Just got word in from my Mum that they are back down from Zebra's Rock, which is at 4050m, to acclimatise, she says that it is raining, very cold and she's very nauseous. She says they're taking what they can, but she and my Dad have been incredibly ill, she says she can breathe, but she'd rather throw up or sleep! She says that this is the most difficult thing she has ever done in her life. Mum says their guide, Juma, is amazing!

Next text came in from my Dad, he says: Today is a rest day... yeah right! When I woke up I felt worse than ever!

Remember, the travellers summit tomorrow night... keep them in your thoughts and send them strength.

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End of Day 2 (Sunday) on the Mountain continued...

News just in from the travellers about the end of Day 2 on the Mountain...

It has rained all day today and we are all very tired and wet. Our duffle bags that the porters carry are not waterproof, so we all have wet gear. We are praying for warm weather tomorrow.

Altitude sickness has really grabbed me (Richard) and I am feeling nauseous all the time. In addition, I just can't get enough oxygen and this is only the second day. I slept badly last night, so I shall take a sleeping pill tonight.

Despite the weather and lack of oxygen, this mountain is spectacular, she occasionally peaks through the clouds, tempting us to go on. The peak is covered with snow, which will be great for pictures, but not so good for the cold.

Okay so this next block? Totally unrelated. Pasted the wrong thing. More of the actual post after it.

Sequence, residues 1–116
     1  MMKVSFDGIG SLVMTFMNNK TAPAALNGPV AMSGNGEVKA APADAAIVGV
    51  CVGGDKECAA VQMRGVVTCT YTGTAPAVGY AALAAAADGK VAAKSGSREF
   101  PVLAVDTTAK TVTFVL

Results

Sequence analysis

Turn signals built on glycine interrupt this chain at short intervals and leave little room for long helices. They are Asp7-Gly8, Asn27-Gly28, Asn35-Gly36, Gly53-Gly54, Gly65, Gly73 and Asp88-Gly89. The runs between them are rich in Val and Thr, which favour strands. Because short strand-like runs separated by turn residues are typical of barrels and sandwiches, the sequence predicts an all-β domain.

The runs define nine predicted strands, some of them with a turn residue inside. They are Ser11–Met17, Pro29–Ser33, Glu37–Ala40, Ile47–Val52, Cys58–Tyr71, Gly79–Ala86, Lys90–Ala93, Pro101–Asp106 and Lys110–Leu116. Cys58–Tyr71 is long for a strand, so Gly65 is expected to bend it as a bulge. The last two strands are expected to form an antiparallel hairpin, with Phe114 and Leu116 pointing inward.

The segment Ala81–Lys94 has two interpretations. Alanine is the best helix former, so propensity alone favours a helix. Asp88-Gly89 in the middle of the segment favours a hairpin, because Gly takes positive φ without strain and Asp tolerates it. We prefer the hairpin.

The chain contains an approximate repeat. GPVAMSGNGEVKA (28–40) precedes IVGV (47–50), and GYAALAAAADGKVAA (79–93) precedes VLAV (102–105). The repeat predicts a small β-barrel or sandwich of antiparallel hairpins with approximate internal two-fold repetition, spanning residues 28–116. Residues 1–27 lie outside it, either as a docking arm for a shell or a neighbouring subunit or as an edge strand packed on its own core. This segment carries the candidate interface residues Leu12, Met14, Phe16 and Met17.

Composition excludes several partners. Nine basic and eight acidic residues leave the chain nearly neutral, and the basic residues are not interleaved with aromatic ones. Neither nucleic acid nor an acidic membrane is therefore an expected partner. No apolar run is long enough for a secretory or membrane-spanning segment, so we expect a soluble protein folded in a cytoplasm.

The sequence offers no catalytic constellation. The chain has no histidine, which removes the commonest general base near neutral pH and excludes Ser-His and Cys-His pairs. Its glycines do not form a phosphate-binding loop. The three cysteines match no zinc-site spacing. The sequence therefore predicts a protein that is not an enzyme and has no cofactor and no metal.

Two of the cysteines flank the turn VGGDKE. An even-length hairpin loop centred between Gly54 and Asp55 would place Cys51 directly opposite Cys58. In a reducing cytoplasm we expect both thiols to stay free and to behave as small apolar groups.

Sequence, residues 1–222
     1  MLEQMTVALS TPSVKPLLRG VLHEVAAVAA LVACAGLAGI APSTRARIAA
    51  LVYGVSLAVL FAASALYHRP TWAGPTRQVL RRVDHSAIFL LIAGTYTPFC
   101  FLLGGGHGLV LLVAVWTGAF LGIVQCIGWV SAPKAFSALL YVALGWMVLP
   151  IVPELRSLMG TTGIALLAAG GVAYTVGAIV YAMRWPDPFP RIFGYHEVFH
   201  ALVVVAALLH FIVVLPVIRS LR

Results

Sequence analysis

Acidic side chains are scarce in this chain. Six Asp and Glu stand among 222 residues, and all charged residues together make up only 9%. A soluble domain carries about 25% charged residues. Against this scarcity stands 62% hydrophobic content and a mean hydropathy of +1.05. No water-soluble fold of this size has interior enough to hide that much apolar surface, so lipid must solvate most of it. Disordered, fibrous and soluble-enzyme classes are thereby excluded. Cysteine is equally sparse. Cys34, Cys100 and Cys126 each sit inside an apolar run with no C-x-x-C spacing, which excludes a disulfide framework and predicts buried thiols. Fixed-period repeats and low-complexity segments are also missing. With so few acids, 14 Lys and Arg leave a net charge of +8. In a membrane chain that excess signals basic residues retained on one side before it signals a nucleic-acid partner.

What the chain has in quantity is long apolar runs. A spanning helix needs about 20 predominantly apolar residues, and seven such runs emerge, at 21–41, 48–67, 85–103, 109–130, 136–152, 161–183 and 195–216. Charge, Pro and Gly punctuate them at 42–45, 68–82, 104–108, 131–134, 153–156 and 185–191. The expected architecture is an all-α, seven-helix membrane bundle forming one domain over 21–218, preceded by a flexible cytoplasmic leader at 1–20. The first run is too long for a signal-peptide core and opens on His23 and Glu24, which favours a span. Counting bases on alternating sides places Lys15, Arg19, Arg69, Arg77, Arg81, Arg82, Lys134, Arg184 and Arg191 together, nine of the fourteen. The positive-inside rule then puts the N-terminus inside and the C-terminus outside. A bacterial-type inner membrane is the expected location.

I am off to sleep now, sleeping is the only time I don't feel like throwing up!

We have a rest day tomorrow, I can't wait!

Sunday, January 20, 2008

End of Day 2 on the Mountain

I just had an sms from my Mum, to say that it is really cold where they are...they're currently at 3720m above sea level. She said that they've found today rather difficult and that it had rained all day today, so they're cold...and wet - hopefully the rest at the end of this long day will give them an opportunity to have something warm to eat and drink to warm them up a bit and keep them strong.
Mum said that my Dad's cellphone is rather swimmingpool-like at the moment and Mum's camera appears to have suffered a similar fate!
I hope the travellers will be able to have a better night's sleep tonight, ready for their day tomorrow.
You will see above that I have included a weather report, this is so that you can get an idea of the conditions that Mum, Dad, John and Pam are walking keep them in your thoughts and send them strength. Remember, they summit on Tuesday night.
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Day 2 on the Mountain